Ladies and Gentlemen,
It is a pleasure for me to address you once again at the Global Media Forum. I welcome this year’s theme “From Information to Participation” which is highly relevant to the situation in Europe today.
Across the Continent we observe a decline in conventional forms of democratic participation. Voter turnout in elections and membership in political parties have fallen steadily in recent decades. Especially young citizens are losing faith in the political elite. Lack of trust - in particular in the judiciary - was also a significant factor in the crisis in Ukraine.
Social media are influencing the political debate. But it is still unclear what impact they will have on democracy and participation in the long term.
What is clear is that we need to restore trust in democracy and democratic institutions.
Participation is a fundamental right. And respect of human rights is essential to maintaining democracy and stability. This is what I call “deep security”.
A key question is how the Internet and new information technologies are affecting human rights.
The Internet is changing the way we communicate, work, spend and travel. It connects people globally as well as locally. The role of social media on Tahir square, the Maidan and in Gezi Park was plain to see. The Internet opens up seemingly endless opportunities, not least for the media.
The other side to the new reality is that those who are not connected lose out. They lose out because they cannot fully participate in society. Access to the Internet therefore is a human right.
Consequently, the recent Twitter and YouTube bans in Turkey were clear violations of the right to freedom of expression which is protected by European Convention on Human Rights. Both bans were overturned by the Turkish Constitutional Court - in line with the Convention, and in line with judicial reforms Turkey has carried out in co-operation with the Council of Europe.
Human rights are at risk when new technologies are misused or abused. The increase of racist hate speech online demonstrates the new types of challenges we face. Cyber-mobbing among school children is an equally worrying phenomenon. The Council of Europe’s “No Hate Speech” Movement aims to raise awareness of these dangerous trends and helps young Internet users to resist them.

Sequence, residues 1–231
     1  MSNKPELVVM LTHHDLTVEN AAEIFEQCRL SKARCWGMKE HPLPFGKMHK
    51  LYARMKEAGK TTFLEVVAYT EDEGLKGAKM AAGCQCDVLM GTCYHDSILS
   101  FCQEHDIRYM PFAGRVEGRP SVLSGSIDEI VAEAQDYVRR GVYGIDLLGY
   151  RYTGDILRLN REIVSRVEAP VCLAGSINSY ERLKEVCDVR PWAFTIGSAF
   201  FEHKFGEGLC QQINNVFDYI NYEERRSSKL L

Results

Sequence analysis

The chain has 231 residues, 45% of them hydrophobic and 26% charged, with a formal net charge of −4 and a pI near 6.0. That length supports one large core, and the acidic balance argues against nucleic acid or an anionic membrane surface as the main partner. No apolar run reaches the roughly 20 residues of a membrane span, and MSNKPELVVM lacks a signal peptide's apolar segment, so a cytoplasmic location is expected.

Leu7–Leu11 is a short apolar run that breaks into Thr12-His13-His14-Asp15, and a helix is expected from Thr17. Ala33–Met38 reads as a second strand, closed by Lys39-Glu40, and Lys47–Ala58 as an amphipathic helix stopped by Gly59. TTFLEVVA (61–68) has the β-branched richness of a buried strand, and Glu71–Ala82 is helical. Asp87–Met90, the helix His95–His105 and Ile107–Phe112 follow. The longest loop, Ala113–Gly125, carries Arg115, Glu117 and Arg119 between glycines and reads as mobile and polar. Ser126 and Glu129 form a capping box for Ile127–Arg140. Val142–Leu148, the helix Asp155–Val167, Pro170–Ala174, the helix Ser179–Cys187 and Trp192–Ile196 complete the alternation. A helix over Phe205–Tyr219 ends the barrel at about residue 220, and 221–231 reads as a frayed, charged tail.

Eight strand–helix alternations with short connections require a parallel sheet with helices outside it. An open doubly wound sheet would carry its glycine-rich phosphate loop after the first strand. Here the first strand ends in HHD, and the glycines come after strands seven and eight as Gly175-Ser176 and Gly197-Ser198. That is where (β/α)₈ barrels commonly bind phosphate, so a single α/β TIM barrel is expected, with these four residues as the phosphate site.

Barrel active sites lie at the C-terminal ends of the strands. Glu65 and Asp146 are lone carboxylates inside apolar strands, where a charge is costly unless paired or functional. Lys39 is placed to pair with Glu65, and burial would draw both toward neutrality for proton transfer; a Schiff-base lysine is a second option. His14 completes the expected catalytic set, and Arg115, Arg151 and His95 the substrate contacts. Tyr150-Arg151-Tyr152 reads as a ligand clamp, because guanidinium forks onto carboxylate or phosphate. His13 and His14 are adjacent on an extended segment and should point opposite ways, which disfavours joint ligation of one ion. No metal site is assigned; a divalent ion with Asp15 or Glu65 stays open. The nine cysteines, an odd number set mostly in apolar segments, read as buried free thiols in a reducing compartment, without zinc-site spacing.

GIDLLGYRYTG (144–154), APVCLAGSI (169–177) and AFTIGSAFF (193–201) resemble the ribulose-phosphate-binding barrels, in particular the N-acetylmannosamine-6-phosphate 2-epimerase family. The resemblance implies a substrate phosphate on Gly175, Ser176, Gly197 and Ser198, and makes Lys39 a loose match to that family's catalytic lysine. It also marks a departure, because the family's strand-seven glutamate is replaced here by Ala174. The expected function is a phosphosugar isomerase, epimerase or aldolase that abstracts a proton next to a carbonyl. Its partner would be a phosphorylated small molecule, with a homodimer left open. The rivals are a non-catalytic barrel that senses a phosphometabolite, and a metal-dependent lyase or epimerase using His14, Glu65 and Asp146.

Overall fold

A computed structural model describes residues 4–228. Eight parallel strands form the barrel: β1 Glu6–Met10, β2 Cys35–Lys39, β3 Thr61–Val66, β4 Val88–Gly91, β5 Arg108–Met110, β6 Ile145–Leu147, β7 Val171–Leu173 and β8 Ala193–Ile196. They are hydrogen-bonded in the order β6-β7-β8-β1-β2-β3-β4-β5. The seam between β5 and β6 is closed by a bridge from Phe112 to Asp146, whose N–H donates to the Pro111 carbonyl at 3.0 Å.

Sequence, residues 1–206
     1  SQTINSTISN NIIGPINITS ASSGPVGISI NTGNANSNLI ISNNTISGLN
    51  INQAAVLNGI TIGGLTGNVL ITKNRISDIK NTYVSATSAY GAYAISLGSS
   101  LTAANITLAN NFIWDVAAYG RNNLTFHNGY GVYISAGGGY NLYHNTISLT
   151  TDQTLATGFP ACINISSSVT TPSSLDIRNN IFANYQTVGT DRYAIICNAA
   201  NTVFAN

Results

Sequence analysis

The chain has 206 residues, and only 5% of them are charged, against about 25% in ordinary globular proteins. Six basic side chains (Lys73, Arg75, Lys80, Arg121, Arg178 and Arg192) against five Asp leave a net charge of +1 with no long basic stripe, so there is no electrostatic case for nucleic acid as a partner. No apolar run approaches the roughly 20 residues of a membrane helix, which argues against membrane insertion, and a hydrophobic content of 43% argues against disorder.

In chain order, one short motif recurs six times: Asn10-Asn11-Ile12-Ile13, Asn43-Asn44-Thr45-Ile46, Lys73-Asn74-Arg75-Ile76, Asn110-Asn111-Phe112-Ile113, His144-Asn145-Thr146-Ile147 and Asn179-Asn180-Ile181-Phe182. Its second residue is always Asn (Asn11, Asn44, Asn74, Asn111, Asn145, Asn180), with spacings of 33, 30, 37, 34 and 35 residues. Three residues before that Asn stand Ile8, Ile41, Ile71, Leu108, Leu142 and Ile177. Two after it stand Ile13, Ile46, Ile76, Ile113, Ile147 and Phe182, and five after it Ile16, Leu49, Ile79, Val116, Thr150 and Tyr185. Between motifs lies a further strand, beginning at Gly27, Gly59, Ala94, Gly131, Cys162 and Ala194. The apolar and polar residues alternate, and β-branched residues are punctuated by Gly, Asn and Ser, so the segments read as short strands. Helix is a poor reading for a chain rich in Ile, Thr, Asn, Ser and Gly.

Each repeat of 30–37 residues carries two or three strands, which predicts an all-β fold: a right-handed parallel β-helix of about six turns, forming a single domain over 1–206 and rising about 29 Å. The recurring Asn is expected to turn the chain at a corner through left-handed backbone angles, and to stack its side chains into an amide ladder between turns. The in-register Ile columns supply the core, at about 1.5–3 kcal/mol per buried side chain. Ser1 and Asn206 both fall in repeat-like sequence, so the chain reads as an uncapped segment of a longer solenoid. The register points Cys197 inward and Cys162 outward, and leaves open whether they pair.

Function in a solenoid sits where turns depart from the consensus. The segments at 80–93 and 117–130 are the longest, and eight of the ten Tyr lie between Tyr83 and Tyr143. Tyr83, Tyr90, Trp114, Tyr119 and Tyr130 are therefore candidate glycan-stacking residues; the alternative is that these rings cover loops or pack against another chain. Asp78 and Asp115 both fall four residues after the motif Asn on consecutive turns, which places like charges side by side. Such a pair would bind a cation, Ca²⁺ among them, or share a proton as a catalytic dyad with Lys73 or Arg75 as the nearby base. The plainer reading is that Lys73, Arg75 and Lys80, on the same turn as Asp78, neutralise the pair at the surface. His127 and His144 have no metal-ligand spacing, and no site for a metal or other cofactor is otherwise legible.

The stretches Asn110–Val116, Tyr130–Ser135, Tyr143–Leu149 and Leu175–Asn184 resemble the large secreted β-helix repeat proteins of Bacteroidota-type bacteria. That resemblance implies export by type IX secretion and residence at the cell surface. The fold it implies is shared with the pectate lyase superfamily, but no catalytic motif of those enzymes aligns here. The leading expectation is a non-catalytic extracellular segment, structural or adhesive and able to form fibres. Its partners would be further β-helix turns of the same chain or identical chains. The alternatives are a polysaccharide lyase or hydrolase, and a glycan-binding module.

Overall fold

Two of the most significant and complex new challenges to human rights are data protection and secret surveillance.
Edward Snowden, who participated in two recent debates of the Council of Europe’s Parliamentary Assembly, has certainly shed light on the scale and dimension of modern secret surveillance. His revelations have also shown the increased potential for states to violate people’s privacy. But this does not mean that all secret surveillance is illegal.
The European Court of Human Rights has built a solid case-law on the application of Article 8 of the Convention which protects the right to private life, including the protection of personal data and the protection of personal image. In a landmark case the Court acknowledged the right of states to employ secret surveillance against terrorism. But it also ruled that states, “may not adopt whatever measures they deem appropriate”.
This, the Court said, was due to the danger inherent in surveillance measures “of undermining or even destroying democracy on the ground of defending it”. The ruling came in 1978, five years before Snowden was even born.
Whether the State is violating your privacy through sophisticated surveillance or by going through your wastepaper bin, the basic question remains the same: Is the measure proportionate and is it ultimately necessary?
I confess I was surprised by the remarks of German politicians who I heard saying: “Spying on friends is unacceptable!” If this implies that spying on people who are not your friends is somehow more acceptable, I cannot agree. The question is not which personalities states can or cannot spy on. The key issue is whether surveillance measures are based on clear, democratically adopted rules and are subject to effective judicial scrutiny and parliamentary control.